In this third decade of HIV/AIDS, the world community continues to stagger under the impacts of the pandemic, but no group carries a heavier burden than children. Worldwide, children affected by HIV/AIDS are disproportionately poor and malnourished. They are more likely to lack shelter, education, and health care. They are vulnerable to sexual abuse by adults. They are used for child labor in domestic or field work. In the developing world, as infants they may have acquired HIV infection from their mothers; if infected they typically die young, without access to life-prolonging treatment. In the United States and other developed countries, perinatal transmission has been dramatically reduced through the identification of HIV-infected pregnant women and administration of antiretrovirals during pregnancy and labor and after delivery. Those who escape HIV infection, however, do not escape the impact of the disease. They may suffer the pain of the death of a parent. They may serve as caregivers to their ill parents – washing and feeding bedridden mothers or fathers – and often assume adult responsibilities for household maintenance. Older children may seek paid employment to support their family when no adult is well enough to work, and may raise their younger siblings in the place of their parents. When they are orphaned, they depend on the goodwill and resources of family, friends, or neighbors to take them in and care for them.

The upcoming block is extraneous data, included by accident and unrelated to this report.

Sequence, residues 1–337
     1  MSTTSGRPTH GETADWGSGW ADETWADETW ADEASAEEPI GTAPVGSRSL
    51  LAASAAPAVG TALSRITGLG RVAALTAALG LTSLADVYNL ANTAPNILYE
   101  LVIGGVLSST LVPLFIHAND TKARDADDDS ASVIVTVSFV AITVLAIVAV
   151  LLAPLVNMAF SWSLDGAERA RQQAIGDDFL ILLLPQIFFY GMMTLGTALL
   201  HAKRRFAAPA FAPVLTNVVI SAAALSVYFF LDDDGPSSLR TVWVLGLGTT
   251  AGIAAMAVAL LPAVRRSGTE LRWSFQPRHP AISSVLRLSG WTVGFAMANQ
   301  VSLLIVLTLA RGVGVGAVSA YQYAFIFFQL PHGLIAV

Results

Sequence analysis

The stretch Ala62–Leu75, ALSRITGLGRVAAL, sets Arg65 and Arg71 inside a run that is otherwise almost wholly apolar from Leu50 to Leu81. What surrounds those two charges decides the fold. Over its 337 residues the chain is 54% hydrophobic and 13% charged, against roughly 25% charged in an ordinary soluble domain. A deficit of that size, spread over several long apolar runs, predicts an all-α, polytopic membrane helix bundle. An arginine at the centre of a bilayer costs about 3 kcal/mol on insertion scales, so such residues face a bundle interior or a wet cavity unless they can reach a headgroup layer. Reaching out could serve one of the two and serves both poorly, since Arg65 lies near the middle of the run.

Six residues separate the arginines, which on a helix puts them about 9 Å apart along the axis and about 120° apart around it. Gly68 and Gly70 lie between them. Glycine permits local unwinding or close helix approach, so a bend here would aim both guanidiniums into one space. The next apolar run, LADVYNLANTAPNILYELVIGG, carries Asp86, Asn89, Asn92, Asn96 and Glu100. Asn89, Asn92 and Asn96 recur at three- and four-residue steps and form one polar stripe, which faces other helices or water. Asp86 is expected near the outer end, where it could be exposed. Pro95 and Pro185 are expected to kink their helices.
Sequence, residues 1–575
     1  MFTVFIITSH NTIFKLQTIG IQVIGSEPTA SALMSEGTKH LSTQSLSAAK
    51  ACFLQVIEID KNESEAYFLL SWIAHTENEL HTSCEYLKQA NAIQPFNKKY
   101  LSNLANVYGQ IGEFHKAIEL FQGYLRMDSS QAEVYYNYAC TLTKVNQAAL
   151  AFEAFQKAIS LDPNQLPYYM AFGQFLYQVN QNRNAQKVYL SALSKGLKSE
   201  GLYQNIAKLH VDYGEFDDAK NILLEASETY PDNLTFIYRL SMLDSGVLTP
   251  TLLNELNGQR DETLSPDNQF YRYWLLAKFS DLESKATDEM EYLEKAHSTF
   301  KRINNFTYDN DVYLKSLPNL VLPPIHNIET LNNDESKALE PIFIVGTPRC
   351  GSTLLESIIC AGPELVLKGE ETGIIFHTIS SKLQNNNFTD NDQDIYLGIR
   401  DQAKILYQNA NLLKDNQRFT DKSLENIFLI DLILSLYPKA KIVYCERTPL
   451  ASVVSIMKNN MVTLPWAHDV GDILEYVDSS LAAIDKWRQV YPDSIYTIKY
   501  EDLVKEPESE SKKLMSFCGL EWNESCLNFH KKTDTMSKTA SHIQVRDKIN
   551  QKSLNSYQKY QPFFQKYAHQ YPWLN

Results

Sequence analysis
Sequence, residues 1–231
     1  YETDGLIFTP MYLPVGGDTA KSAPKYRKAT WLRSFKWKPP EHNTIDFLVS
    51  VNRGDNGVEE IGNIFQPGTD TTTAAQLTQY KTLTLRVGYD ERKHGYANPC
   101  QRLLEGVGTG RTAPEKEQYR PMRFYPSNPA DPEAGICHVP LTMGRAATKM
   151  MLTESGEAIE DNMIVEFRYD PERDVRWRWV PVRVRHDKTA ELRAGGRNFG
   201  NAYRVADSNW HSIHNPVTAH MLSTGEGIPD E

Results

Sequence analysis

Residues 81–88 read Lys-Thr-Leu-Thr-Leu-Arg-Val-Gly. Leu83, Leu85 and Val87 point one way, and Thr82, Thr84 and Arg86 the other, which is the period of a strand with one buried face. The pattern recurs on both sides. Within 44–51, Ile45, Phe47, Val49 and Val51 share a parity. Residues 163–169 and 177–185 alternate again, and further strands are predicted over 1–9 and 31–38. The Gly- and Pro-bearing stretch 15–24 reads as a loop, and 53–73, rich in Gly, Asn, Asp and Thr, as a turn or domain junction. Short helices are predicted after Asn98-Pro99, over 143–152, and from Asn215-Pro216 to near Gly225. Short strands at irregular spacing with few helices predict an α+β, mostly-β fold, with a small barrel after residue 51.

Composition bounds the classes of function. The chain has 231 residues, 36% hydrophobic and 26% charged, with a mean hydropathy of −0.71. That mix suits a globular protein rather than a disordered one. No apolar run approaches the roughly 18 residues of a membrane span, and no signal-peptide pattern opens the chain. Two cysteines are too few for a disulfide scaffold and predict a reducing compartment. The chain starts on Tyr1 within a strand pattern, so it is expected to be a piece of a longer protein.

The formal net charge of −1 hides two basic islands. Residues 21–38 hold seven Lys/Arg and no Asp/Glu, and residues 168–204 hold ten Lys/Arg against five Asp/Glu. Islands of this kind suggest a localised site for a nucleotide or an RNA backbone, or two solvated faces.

|Original language||English (US)|
|Title of host publication||A Generation at Risk|
|Subtitle of host publication||The Global Impact of HIV/AIDS on Orphans and Vulnerable Children|
|Publisher||Cambridge University Press|
|Number of pages||41|
|State||Published - Jan 1 2005|
ASJC Scopus subject areas